- Middle East analyst based in Dubai, with access to Saudi royal advisors and business elite
- Libyan investigative journalist in Tripoli
- Turkish investigative journalist in Istanbul
- Top aid to Turkish deputy foreign minister
Libya’s Currency Crisis: Part of the Resource Problem
While it won’t resolve the broader war for control of Libya’s government (read: oil wealth), getting a handle on the country’s liquidity crisis could starve militia groups who are making money off this (not counting for their funding from external actors). Militias have been making money off the gap between official and black market exchange rates.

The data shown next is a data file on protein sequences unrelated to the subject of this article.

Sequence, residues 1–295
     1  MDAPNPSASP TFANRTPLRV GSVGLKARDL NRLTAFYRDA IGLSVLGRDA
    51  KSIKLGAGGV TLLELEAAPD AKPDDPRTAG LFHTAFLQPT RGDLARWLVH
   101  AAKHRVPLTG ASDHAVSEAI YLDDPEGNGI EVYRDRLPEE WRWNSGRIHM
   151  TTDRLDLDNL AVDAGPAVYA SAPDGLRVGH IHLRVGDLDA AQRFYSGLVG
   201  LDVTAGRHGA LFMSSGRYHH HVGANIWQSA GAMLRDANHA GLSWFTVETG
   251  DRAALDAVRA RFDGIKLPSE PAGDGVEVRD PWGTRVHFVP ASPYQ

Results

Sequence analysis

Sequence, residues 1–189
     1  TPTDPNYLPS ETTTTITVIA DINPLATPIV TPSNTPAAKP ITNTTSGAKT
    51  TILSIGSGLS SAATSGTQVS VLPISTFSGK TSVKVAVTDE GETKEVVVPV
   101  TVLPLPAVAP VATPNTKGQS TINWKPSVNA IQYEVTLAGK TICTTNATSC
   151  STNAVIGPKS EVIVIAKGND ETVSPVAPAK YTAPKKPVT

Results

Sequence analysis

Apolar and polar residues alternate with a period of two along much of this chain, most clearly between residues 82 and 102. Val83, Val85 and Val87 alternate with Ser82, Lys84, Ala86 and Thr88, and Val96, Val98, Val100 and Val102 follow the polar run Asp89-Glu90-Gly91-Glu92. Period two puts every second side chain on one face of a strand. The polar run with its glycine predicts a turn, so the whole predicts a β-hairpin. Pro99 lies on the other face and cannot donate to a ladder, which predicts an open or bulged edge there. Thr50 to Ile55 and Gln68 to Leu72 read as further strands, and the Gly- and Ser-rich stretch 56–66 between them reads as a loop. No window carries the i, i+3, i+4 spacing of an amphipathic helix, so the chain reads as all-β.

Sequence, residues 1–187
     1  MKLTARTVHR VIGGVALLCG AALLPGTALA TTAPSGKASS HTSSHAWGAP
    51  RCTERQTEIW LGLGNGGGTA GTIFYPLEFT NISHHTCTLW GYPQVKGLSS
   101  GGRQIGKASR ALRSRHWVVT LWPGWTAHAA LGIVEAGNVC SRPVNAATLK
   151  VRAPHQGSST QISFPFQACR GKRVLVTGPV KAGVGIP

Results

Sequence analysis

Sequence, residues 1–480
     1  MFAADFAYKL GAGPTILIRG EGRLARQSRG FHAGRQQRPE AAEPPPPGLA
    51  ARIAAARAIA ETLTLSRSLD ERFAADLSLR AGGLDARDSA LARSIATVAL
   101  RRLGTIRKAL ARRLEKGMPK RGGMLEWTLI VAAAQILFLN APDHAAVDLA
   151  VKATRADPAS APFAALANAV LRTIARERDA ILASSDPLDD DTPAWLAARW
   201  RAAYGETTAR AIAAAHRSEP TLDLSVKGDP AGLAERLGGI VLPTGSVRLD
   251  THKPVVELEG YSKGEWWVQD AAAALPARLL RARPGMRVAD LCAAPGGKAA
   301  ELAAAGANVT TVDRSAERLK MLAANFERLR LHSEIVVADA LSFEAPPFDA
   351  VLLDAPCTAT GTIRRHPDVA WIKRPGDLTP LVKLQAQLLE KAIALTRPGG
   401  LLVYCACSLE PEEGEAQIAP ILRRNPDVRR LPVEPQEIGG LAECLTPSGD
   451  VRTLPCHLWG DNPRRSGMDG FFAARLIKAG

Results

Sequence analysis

Libyan officials say the liquidity crisis should be resolved by February of next year by converging the rates and restoring supply of Libyan dinars and dollars. The next step will be to start fuel subsidy reductions, on which Libya is currently spending some $5 billion annually.
Not only the exchange gap, but also these fuel subsidies have been feeding militia coffers, via smuggling revenues. For oil and gas investors willing to brave what is essentially a civil war that is nowhere close to being resolved, resolving this liquidity crisis and getting fuel subsidies under control would—according to officials—put $1.8 billion into budget coffers next year, enabling them to start (or re-launch) major energy development projects. We note, however, that there are multiple variables…